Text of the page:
Posts in land management
Land conservation matters for the Chesapeake Bay

Op-Ed Washington Post

September 4, 2019
The Chesapeake, and the Earth itself, faces challenges unlike any we have seen before. Loss of natural areas, accelerated climate change, excessive pollution and dramatic reductions of wildlife and plant species threaten the foundation of what makes the Chesapeake special. While its easy to despair, I see an opportunity to usher in a new era of data-driven, results-oriented conservation focused on protecting the ecosystems and landscapes that are critical for maintaining our diverse cultures, local economies and health.

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A Global Deal For Nature: Guiding principles, milestones, and targets

Science Advances

April 19, 2019
The Global Deal for Nature (GDN) is a time-bound, science-driven plan to save the diversity and abundance of life on Earth. Pairing the GDN and the Paris Climate Agreement would avoid catastrophic climate change, conserve species, and secure essential ecosystem services. 

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'Environmental goals must be community driven', is the message from CBD’s recent workshop.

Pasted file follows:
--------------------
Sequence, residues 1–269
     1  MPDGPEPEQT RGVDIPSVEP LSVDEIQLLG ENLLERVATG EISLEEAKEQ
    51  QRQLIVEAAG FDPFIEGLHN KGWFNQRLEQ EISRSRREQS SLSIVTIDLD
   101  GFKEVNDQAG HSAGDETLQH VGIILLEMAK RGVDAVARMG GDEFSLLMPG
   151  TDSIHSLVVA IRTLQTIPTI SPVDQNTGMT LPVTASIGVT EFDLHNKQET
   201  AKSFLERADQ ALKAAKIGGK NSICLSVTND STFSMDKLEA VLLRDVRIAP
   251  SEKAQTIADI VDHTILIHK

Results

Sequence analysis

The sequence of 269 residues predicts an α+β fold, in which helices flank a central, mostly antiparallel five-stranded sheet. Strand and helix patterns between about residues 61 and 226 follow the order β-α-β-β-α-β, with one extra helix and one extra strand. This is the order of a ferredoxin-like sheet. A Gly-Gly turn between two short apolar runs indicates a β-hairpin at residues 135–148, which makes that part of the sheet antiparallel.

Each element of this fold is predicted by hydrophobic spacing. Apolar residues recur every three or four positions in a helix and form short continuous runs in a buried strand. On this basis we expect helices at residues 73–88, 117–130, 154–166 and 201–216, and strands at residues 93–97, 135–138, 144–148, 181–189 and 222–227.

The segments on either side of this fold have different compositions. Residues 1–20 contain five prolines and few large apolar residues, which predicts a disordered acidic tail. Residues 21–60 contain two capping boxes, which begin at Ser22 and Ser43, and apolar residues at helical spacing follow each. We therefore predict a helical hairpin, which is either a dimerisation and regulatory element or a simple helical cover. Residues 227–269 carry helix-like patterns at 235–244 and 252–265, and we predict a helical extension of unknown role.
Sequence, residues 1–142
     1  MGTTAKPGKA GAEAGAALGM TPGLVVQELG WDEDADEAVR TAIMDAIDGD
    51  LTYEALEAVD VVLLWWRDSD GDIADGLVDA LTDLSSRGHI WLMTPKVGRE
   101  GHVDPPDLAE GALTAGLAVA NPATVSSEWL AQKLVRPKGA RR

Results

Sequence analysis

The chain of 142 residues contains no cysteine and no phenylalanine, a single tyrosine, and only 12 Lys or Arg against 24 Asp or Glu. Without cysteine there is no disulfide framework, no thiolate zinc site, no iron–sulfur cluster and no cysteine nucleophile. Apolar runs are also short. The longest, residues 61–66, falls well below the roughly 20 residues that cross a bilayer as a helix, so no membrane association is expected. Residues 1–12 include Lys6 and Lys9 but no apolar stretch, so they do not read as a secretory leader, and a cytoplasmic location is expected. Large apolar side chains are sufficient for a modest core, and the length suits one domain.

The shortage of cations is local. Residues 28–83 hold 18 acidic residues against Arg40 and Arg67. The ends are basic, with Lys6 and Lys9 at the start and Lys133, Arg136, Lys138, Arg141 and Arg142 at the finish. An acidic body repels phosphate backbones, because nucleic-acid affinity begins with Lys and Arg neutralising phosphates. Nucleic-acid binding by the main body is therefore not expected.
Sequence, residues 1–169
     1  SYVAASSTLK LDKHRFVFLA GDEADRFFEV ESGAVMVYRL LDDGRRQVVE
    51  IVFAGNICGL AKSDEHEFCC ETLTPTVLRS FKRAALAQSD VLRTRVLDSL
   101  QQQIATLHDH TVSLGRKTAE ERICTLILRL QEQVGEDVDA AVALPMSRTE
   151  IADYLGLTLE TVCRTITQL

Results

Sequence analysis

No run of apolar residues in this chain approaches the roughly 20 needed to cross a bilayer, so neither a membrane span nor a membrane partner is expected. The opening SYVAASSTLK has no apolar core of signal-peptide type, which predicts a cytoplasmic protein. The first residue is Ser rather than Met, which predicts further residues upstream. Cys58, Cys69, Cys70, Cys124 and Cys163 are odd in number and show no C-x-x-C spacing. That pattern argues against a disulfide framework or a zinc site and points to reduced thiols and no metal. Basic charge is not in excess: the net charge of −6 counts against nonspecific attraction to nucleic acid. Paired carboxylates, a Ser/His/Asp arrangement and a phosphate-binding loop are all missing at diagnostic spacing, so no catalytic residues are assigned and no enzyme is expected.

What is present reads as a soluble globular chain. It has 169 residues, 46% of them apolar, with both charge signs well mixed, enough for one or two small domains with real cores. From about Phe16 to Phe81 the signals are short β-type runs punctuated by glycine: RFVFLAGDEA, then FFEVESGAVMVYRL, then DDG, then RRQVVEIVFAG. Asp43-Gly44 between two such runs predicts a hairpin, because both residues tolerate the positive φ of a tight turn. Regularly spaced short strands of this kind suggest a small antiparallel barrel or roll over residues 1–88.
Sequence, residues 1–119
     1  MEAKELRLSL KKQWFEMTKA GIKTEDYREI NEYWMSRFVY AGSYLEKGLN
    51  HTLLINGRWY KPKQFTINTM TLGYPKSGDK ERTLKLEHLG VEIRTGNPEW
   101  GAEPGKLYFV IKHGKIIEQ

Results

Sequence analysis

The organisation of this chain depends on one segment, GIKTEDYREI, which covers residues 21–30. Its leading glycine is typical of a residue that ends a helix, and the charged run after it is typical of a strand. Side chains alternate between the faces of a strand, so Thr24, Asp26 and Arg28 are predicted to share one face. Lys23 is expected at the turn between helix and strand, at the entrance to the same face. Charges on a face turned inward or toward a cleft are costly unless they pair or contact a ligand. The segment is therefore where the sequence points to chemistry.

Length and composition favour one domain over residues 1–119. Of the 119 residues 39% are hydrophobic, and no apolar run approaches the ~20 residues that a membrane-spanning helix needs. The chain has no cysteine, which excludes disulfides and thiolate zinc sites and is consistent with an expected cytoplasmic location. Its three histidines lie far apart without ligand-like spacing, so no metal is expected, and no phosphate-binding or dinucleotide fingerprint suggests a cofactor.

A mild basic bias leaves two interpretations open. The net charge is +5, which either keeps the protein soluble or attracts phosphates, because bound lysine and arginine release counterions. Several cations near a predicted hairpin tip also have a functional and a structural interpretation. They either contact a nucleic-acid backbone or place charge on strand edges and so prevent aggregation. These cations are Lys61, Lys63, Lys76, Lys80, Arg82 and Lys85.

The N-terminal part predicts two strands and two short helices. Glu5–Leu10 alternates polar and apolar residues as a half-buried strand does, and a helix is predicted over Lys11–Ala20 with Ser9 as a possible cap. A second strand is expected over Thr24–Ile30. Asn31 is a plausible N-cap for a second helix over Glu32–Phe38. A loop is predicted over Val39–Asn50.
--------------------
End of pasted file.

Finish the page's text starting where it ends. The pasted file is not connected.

East African Herald

April 9, 2019
If we can collectively follow the example set by nations’ such as Botswana and Namibia, and ensure that 30% of land and sea globally is protected by empowered communities, both bio-diversity and local economies can thrive. This is a challenge we must work together to rise to, before it is too late.

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Africa's global deal for nature

The Ecologist

April 8, 2019
African leaders have a crucial role to play in the run-up to the 2020 CBD meeting. They can demonstrate the political will needed to achieve the Campaign for Nature’s ambitious global deal to protect 30 percent of the earth’s land and oceans by 2030, then scaling up to 50 percent by 2050.

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Race to Protect 30 Percent of the Planet by 2030

Environmental News Service

February 6, 2019
The New Deal for Nature and People, to be signed at the 15th Conference of the Parties to the Convention on Biological Diversity in Beijing in 2020 as a UN-wide framework for nature, represents “our last hope to ensure the long-term sustainability of Earth’s ecosystems on which human life depends,” the 13 groups said in their joint statement.

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Space for Nature


September 14, 2018
Given the evidence to date and the implications of an underestimate, we encourage governments to set minimum targets of 30% of the oceans and land protected by 2030, with a focus on areas of high biodiversity and/or productivity, and to aim to secure 50% by 2050. This will be extremely challenging, but it is possible, and anything less will likely result in a major extinction crisis and jeopardize the health and wellbeing of future generations.

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